By Liz Hampton
HOUSTON (Reuters) – Former U.S. President George H.W. Bush will be mourned on Thursday at the Houston church where he worshipped for many years, a final public farewell before his remains are taken to their resting place at his Texas presidential library.
Bush, the 41st U.S. president, died last week in Texas aged 94. His remains were flown to Texas on Wednesday evening after a formal state funeral at Washington’s National Cathedral.
The casket was accompanied by members of his family, and taken by motorcade to St. Martin’s Episcopal Church.
The church remained open through the night so mourners, who began lining up on Wednesday morning, could pay their final respects.
Country music star Reba McEntire was due to be among the musical performers at the service, which was scheduled to start at 10 a.m. CT (1600 GMT).
Following the funeral at St. Martin’s, where Bush and his late wife, Barbara Bush, were long-time worshippers, a train will carry his remains about 80 miles (130 km) northwest to College Station, Texas, where he will be laid to rest at his presidential library.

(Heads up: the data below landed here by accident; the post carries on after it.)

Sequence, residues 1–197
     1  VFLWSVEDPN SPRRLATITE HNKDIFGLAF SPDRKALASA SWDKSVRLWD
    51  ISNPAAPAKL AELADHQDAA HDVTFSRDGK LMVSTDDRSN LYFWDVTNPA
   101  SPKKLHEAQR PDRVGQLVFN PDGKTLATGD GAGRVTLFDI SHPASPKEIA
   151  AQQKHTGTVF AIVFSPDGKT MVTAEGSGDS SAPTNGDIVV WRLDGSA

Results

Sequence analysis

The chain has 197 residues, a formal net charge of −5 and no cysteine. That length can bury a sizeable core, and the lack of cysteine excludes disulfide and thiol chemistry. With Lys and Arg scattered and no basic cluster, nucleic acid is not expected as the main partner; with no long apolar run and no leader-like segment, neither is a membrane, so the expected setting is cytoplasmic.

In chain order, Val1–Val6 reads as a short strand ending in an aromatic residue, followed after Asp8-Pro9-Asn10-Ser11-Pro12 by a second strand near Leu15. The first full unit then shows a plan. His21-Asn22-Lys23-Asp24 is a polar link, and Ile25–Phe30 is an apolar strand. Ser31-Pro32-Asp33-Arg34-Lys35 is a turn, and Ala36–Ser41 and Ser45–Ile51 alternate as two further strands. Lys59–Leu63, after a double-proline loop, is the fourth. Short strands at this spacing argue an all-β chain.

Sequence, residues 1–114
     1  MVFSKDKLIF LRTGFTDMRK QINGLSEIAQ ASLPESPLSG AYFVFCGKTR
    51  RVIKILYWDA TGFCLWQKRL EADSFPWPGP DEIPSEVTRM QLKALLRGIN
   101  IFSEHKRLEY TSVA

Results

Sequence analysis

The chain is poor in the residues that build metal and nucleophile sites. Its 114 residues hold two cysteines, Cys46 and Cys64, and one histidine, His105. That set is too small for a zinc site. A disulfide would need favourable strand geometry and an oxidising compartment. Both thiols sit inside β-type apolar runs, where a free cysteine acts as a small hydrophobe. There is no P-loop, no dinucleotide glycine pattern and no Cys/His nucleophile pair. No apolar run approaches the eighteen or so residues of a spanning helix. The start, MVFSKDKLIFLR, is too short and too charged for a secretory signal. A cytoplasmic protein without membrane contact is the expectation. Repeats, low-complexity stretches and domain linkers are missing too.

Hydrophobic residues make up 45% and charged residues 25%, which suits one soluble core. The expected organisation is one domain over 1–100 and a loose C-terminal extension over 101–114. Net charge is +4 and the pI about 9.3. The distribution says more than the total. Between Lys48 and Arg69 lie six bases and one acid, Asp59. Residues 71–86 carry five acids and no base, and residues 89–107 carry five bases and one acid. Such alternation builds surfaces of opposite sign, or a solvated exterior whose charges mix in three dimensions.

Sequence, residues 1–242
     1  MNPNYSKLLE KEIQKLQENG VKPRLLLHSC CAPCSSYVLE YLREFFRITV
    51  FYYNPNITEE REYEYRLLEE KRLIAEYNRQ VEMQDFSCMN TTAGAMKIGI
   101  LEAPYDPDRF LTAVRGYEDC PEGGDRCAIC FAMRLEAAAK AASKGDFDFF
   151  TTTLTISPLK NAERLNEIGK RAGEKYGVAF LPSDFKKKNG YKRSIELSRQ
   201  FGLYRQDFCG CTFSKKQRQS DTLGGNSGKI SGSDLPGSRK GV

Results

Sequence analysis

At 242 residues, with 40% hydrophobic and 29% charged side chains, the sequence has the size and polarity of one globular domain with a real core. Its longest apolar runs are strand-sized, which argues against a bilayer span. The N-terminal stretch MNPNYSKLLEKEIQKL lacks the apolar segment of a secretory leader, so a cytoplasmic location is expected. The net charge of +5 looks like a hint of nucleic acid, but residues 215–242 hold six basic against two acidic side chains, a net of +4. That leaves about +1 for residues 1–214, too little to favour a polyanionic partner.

The train is a Union Pacific Corp locomotive, numbered 4141 and bearing the name “George Bush 41” on the side that has been in service since 2005.
Bush, who narrowly escaped death as a naval aviator who was shot down by Japanese forces over the Pacific Ocean in World War Two, will be buried with military honors, including a flyover by 21 aircraft from the U.S. Navy.
Bush was president from 1989 to 1993, navigating the collapse of the Soviet Union and expelling former Iraqi President Saddam Hussein’s forces from oil-rich Kuwait.
He supported the passage of the American with Disabilities Act, a major civil rights law protecting disabled people from discrimination.
A patrician figure, Bush was voted out of office in part for failing to connect with ordinary Americans during an economic recession. He has also been criticized for supporting tough drug laws that led to the disproportionate incarceration of black people, as well as what activists call an insufficient response to the AIDS epidemic when he was in power during some of its deadliest years.
But many tributes in recent days have focused on the former Republican president as a man of integrity and kindness who represented an earlier era of civility in American politics. That image has been burnished in recent years by the divisiveness and anger in the United States that accompanied the rise of President Donald Trump.
(Reporting by Liz Hampton in Houston; Additional reporting by Gary McWilliams in Houston, Steve Holland in Washington, D.C., and Jonathan Allen in New York; Writing by Dan Whitcomb in Los Angeles and Jonathan Allen in New York; Editing by Frances Kerry)